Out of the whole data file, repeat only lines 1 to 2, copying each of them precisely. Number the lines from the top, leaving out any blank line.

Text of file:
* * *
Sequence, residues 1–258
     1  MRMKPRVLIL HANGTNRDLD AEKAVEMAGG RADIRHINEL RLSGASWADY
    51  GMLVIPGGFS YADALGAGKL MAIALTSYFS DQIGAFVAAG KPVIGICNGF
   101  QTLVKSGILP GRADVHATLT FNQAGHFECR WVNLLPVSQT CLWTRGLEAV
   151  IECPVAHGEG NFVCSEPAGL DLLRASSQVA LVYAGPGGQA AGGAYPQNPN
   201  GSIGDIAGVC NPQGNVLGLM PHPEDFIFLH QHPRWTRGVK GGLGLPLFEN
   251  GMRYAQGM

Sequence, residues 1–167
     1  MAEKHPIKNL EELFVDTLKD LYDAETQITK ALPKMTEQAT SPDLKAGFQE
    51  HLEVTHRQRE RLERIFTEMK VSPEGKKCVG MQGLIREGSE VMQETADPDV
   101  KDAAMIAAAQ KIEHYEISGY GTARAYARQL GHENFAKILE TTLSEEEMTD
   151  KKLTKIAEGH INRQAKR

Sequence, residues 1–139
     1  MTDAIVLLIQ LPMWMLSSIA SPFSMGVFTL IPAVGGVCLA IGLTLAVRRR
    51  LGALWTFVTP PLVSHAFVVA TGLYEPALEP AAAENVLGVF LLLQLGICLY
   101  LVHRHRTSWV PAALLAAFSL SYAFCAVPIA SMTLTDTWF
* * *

Sequence, residues 1–258
     1  MRMKPRVLIL HANGTNRDLD AEKAVEMAGG RADIRHINEL RLSGASWADY